Democratic Candidates Continue to Make the Case
Ten Presidential Hopefuls Address Members of the DNC at the Party's Fall Meeting

All ten Democratic candidates for president spoke to members of the Democratic National Committee at the party's annual fall meeting, held in Washington, DC from October 2-4, 2003.
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[Posted October 21, 2003]  Before the Iraq war, in February 2003, seven of the then nine Democratic presidential candidates spoke to members of the DNC during the party's winter meeting in Washington, DC.  At that meeting that former Vermont Gov. Howard Dean was just starting to generate some buzz with his direct attack on party leaders and his anti-war stance.  Sen. John Kerry, seen by many as a leading candidate, was recovering from prostate surgery and did not appear at that meeting, nor did Sen. Bob Graham, a new entrant into the field. 

Seven months later, from October 2-4, 2003, members of DNC again gathered in Washington.  The war, or at least major combat operations, had ended, but soldiers continued to die in Iraq and the price tag, in the form of an $87 billion supplemental, was being widely discussed.

During those seven intervening months, the nine Democratic candidates had made the rounds at dozens of candidate forums, they stumped in Iowa, New Hamsphire and other key states, and they gained a tenth contender, Gen. Wesley Clark. 

Probably the biggest story of the past seven months was Howard Dean emergence as a, or the, leading candidate.  The Dean campaign proved adept at generating buzz through such events as a Sleepless Summer tour, a world record conference call, and most recently a third quarter fundraising effort that far outpaced those of the other candidates.  Meanwhile, Sen. Kerry had run a largely nondescript campaign, Rep. Dick Gephardt had been accumulating labor endorsements, Sen. Edwards had trouble getting traction despite a solid campaign, Sen. Joe Lieberman did not find much enthusiasm for his candidacy, Sen. Graham's campaign appeared to be on the rocks, Rep. Dennis Kucinich remained marginalized, and Amb. Moseley Braun and Rev. Al Sharpton rounded out the field.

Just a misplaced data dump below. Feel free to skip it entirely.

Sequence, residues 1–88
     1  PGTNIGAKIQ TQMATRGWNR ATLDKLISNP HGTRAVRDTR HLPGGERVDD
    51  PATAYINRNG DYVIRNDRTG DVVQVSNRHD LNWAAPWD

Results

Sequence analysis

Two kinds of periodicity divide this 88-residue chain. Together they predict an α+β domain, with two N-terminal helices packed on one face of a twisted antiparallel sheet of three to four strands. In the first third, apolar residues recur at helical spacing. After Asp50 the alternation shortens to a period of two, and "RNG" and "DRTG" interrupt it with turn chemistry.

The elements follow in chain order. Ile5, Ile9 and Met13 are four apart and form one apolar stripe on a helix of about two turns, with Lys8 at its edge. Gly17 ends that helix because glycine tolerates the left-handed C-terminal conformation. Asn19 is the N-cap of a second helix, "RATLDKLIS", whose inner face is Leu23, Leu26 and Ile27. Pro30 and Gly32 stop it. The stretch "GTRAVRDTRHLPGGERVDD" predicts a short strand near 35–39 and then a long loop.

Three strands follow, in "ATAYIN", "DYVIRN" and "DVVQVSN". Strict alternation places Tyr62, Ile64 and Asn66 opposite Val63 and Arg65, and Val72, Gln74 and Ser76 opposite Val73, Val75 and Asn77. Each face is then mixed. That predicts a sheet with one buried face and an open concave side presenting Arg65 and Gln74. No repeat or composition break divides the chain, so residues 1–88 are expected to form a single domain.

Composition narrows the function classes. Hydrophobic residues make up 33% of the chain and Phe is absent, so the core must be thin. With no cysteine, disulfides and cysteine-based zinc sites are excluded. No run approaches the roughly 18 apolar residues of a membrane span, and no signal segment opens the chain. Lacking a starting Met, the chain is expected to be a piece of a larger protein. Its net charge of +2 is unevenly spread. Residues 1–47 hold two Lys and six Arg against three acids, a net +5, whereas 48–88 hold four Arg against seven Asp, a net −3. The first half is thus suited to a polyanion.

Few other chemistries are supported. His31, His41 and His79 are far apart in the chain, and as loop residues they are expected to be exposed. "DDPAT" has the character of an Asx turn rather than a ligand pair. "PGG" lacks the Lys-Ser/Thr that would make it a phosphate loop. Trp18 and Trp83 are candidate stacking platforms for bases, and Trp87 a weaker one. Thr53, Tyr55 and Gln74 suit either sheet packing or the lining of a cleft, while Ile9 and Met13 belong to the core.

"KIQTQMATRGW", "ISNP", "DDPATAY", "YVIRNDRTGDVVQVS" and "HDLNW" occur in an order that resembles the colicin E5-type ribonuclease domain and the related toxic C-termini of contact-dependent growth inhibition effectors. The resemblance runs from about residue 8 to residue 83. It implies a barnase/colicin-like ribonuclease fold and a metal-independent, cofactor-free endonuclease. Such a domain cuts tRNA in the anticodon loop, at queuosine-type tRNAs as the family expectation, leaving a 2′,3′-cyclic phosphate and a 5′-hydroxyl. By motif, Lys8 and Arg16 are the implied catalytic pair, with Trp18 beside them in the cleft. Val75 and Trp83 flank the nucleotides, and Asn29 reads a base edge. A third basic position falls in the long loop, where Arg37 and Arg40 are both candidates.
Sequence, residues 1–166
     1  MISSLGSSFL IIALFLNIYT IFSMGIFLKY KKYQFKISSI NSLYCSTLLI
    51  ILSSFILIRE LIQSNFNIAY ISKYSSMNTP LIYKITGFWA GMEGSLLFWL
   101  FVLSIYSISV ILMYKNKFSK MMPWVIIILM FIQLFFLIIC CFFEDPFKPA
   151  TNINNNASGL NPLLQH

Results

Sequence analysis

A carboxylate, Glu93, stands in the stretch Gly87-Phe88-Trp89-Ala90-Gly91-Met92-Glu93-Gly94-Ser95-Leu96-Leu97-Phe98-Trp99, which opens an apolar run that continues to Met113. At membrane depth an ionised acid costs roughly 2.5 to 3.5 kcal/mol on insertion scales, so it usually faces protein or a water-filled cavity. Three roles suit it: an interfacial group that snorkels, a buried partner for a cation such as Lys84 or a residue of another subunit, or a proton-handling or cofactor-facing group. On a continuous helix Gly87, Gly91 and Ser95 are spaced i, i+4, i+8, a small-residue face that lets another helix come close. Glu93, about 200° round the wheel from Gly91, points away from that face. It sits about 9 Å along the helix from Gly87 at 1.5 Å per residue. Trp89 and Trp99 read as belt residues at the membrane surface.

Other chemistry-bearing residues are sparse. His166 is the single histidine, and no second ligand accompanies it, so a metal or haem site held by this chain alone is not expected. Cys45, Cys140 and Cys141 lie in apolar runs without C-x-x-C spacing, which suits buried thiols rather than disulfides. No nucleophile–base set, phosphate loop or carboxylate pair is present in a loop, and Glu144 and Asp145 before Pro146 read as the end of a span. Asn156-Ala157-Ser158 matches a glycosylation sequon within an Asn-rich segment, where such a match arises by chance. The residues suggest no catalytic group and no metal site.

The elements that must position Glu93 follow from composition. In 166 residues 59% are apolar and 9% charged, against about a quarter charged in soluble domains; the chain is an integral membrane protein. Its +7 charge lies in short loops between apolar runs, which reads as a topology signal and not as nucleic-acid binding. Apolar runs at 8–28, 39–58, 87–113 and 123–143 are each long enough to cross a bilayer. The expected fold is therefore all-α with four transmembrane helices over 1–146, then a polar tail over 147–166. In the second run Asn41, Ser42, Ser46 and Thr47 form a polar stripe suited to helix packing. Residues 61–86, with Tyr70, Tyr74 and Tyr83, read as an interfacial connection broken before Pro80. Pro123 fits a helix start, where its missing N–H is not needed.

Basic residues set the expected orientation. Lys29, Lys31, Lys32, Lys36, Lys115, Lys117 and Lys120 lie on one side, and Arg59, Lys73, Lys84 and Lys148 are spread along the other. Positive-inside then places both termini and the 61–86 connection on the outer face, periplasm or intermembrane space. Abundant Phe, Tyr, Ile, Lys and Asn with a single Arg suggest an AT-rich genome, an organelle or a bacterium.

The Speeches
In this context, the ten Democratic candidates delivered what were supposed to be ten minute speeches.  Given the partisan audience, their remarks contained plenty of critiques of President Bush; a few of the candidates also directed jibes at other Democratic hopefuls.  Each campaign was allowed to distribute 75 signs throughout the hall.  In addition, young supporters in the back of the room and up in the balconies cheered on their respective candidates.

Click on photos  for more.
Other photos from the meeting.
October 3, 2003 Speeches
Dean broke little new ground.
Lieberman introduced his "lead with integrity"  theme.
Clark opened by directly addressing those who have questioned his Democratic credentials, and he drew one of the biggest laughs when he stated that Bush would need brothers in 49 other states in addition to Florida.
Kucinich continued his strong anti-war message and argued that he can in fact win.
Moseley Braun read her speech.
Kerry, apparently making up for his absence at the previous meeting, spoke for the longest time; he had lines for each of the major Democratic constituencies and aimed a few barbs at Dean.  Some of the Kerry supporters in the audience resorted to plastic whistles to amplify the reaction, something not seen with the other campaigns.